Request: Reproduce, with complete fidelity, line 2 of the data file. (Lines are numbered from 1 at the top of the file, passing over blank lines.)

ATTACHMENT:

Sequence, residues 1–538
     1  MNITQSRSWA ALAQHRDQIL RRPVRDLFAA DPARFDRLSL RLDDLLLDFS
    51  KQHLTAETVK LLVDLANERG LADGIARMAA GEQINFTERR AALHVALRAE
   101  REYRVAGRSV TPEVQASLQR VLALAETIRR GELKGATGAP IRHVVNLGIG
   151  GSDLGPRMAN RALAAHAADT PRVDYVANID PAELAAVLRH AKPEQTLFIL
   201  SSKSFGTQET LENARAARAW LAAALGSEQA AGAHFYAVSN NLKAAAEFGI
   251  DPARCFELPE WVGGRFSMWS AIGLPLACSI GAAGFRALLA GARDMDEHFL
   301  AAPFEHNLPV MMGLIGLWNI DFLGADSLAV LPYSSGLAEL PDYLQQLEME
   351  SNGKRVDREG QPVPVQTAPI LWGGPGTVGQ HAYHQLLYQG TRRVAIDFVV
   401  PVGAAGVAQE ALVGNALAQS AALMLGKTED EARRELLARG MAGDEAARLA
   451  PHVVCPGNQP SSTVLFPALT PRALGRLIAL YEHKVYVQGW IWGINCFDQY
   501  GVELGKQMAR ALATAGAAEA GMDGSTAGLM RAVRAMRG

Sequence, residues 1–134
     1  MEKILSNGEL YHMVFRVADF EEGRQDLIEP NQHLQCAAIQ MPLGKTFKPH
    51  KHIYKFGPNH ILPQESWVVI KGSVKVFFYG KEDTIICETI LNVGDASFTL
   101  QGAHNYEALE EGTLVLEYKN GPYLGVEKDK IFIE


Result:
     1  MNITQSRSWA ALAQHRDQIL RRPVRDLFAA DPARFDRLSL RLDDLLLDFS